The 25-year-old world No8 will now meet England team-mate Nick Matthew after the fourth seed from Sheffield ended the giant-killing run of compatriot Daryl Selby.

The unseeded 26-year-old from Essex had reached the last eight after taking out two world top 16-ranked opponents – but world No5 Matthew was too strong, winning 11-7, 11-5, 11-8.

“I’m delighted to be playing Pete tomorrow,” said Matthew, who in 2006 became the first home-grown winner of the title for 67 years. “We’re sharing a room together here – I must pop something into his glass of water tonight!”

In the final match of the day, Yorkshire’s former world number two James Willstrop, the tenth seed, claimed his place in the semis with an 11-5, 11-6, 12-10 victory over Malaysia’s 12th seed Mohd Azlan Iskandar.

Willstrop, the 26-year-old from Leeds who was runner-up last year, reached the last eight after a shock win over Egypt’s world number one Karim Darwish in the previous round.

“Everybody keeps on about how good the Egyptians are – but now we’ve got five English players into tomorrow’s semis,” said a delighted Willstrop after his win.

Third seed Alison Waters and fourth seed Jenny Duncalf will provide the domestic interest in the women’s semi-finals.

Duncalf, from Harrogate in Yorkshire, went one step closer to reaching the final for the second year in a row after beating eighth seed Vanessa Atkinson, the former world champion from the Netherlands, 11-1, 10-12, 11-6, 11-4.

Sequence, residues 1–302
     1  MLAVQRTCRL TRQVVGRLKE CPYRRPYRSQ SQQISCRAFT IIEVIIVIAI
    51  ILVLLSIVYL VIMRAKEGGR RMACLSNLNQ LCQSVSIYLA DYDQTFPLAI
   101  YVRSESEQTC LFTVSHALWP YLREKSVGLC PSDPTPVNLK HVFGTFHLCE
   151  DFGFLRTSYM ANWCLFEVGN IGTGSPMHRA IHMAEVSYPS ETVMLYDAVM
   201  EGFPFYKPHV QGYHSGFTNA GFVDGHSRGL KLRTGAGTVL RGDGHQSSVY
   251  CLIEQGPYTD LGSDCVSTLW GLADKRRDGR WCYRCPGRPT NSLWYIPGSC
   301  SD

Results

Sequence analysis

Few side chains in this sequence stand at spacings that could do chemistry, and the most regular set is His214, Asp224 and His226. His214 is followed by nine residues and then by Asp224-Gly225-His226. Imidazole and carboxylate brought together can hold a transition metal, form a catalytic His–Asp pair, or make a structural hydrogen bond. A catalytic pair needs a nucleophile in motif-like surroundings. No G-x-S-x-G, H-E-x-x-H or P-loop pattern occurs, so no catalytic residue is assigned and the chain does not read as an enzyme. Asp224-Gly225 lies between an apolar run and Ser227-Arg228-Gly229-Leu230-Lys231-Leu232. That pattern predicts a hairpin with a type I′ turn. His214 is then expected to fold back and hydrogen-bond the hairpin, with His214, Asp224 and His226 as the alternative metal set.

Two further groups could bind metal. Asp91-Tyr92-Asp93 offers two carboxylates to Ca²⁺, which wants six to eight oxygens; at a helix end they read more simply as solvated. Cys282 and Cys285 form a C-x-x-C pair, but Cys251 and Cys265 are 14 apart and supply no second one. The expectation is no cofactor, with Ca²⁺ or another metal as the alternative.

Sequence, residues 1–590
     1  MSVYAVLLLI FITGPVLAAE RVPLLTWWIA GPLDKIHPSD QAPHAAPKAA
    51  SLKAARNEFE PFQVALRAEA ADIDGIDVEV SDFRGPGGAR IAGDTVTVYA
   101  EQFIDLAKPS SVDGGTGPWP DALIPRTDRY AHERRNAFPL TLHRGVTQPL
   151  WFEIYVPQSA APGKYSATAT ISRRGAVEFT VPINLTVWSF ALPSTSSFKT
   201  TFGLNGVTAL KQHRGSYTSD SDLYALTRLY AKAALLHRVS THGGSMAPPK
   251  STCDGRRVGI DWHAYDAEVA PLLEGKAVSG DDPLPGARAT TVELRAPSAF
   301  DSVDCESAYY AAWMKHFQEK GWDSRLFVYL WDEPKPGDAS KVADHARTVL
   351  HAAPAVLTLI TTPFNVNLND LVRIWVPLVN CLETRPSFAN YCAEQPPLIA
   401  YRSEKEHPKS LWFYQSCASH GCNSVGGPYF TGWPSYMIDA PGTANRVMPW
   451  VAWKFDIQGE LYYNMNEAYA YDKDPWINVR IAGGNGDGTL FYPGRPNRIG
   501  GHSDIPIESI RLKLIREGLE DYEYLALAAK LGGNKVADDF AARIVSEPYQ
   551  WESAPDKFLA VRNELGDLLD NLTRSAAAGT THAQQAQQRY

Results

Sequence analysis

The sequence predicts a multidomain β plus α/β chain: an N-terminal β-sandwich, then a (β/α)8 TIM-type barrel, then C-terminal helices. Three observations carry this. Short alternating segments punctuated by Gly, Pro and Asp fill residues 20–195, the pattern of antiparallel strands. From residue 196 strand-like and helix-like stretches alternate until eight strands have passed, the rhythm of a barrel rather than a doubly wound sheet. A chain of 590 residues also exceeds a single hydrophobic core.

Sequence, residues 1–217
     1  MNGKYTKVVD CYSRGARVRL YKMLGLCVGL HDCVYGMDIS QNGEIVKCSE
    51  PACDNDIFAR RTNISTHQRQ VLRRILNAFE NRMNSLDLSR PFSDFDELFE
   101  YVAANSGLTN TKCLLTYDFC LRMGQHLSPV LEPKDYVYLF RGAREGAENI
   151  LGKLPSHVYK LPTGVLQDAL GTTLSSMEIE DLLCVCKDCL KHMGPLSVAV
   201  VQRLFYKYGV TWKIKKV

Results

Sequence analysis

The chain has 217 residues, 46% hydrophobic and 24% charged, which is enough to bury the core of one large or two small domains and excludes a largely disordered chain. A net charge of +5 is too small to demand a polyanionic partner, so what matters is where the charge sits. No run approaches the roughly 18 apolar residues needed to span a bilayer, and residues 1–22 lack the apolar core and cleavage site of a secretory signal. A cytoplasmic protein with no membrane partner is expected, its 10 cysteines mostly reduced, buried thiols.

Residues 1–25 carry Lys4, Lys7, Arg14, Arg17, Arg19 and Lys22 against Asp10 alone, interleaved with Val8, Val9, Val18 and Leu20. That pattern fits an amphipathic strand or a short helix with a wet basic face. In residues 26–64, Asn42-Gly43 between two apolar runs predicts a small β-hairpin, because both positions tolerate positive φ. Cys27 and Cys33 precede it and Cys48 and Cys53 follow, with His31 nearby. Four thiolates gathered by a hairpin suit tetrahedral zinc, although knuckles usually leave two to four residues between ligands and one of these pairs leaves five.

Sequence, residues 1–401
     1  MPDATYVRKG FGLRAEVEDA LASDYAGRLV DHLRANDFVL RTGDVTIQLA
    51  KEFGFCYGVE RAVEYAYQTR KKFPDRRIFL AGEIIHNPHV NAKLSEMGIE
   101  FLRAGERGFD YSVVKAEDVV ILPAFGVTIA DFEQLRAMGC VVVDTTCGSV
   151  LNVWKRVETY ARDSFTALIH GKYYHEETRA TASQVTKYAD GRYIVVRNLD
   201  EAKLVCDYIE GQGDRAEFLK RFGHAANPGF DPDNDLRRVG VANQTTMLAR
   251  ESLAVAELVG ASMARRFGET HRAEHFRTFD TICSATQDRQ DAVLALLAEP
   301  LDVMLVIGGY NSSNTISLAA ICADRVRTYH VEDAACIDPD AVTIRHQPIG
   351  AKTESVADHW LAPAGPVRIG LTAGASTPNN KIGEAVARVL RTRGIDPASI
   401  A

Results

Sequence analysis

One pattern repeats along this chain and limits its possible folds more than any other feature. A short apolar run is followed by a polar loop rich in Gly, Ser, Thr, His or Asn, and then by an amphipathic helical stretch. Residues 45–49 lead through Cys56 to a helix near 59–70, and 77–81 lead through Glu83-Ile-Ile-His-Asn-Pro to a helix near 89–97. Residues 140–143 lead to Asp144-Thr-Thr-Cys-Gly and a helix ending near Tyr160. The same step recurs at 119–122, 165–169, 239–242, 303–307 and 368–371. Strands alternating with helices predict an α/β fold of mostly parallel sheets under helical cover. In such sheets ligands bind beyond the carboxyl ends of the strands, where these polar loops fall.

“You can never underestimate Vanessa – after all, she has been a world champion and world number one,” said the 26-year-old world No6. “She’s got great racket skills.

“I felt I played well today and am improving all the time. This week I’ll be trying to close the gap the gap behind Nicol David, the world number one.”

Duncalf will face three-time champion Rachael Grinham, the second seed from Australia who recovered from a game down to beat Lancashire’s Laura Massaro 5-11, 14-12, 11-7, 11-7.

“In the first game, she was all over me – and I was really lucky to get that second game,” acknowledged Grinham, who had to save three game balls in the second to stop Massaro taking a 2/0 lead.

Born and raised in Queensland and based in Cairo for the past decade, Grinham has been training in Harrogate in the UK since Christmas. “I’ve been trying to get myself re-motivated, and it’s been good for me to have so many top English girls to train with.

“But I’m really still struggling to adjust to the new scoring,” admitted the three-time champion. “I just don’t have the confidence – and you really need confidence.

“I’ve played the other (hand-in-hand-out) scoring for so many years. It’s a different game now.”

Alison Waters claimed her first appearance in a British Open semi-final after beating Australian qualifier Donna Urquhart 6-11, 11-5, 11-3, 11-7. The former British National champion will now meet Madeline Perry for a place in the final.

Urquhart became the only qualifier to reach the quarter-finals – in her maiden appearance in the event. The 22-year-old from New South Wales, who beat seventh seed Isabelle Stoehr in the opening round, easily won the first game against Waters.

“But then I went to pieces and probably started thinking too much about the occasion,” said Urquhart. “It’s a dream come true to be playing in the British Open – and Alison is the player I most wish I could be like!

“She’s a great player, but she didn’t have to play well to beat me today.

“I came here aiming to qualify – so I exceeded my expectations,” added the Australian national champion. “I feel as if I’ve been waiting for a breakthrough for ages – I’ve been on the verge of it, and now it’s come together.”